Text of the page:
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Not Far to Mars
by Tribune Staff
Apr 24, 2012 | 926 views | 0 0 comments | 2 2 recommendations | email to a friend | print
Tribune/John Byrne - Joseph Mahsman, staff computation and visualization scientist at the Desert Research Institute, uses remote controls to give Dilworth students a tour of the surface of Mars.
Tribune/John Byrne - Joseph Mahsman, staff computation and visualization scientist at the Desert Research Institute, uses remote controls to give Dilworth students a tour of the surface of Mars.
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Tribune/John Byrne - Dilworth students (clockwise from left) Karen Martinez, Elizabeth Cuna, Gustazo Bapilla, Bailey Ramynke and Hunter Peterson show off their virtual reality glasses.
Tribune/John Byrne - Dilworth students (clockwise from left) Karen Martinez, Elizabeth Cuna, Gustazo Bapilla, Bailey Ramynke and Hunter Peterson show off their virtual reality glasses.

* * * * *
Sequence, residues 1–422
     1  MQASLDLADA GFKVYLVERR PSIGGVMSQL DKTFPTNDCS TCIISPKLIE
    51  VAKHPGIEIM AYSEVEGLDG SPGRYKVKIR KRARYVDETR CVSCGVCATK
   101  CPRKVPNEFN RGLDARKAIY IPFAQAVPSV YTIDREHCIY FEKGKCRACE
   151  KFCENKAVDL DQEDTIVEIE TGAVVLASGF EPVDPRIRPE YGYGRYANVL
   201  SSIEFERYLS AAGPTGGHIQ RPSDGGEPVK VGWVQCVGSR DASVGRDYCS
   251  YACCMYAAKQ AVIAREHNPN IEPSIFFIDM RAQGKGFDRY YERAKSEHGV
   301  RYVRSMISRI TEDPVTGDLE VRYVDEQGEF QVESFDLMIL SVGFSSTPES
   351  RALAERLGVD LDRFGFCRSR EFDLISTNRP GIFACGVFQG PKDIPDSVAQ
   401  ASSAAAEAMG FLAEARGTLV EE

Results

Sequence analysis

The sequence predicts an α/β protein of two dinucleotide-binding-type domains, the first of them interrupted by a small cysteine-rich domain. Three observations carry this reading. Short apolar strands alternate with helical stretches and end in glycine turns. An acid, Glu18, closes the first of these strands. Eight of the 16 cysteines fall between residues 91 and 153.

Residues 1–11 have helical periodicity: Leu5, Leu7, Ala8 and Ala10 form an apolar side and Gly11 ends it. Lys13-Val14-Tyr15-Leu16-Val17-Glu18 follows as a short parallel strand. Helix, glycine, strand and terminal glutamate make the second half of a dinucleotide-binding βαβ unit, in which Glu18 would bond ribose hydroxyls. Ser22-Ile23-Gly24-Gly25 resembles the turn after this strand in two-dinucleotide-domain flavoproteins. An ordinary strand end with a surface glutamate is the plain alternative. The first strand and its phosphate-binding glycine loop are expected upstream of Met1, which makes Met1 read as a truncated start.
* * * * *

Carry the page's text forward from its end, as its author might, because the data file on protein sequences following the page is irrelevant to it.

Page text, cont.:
slideshow
RENO — A group of students from Dilworth STEM Academy in Sparks got a tour of the surface of Mars on Tuesday courtesy of Steven Squyres, Ph.D., this year’s recipient of the Desert Research Institute Nevada Medal, in DRI’s DRIVE6 virtual reality facility.

“Students from Dilworth have been working on an atmospheric exploration project using weather balloons to carry their ideas from their schoolyard to the upper reaches of the atmosphere,” Squyres said. “I am excited to hear about their experiments, take them on a tour of Mars and spend time with them at DRI.”
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Not Far to Mars by Tribune Staff


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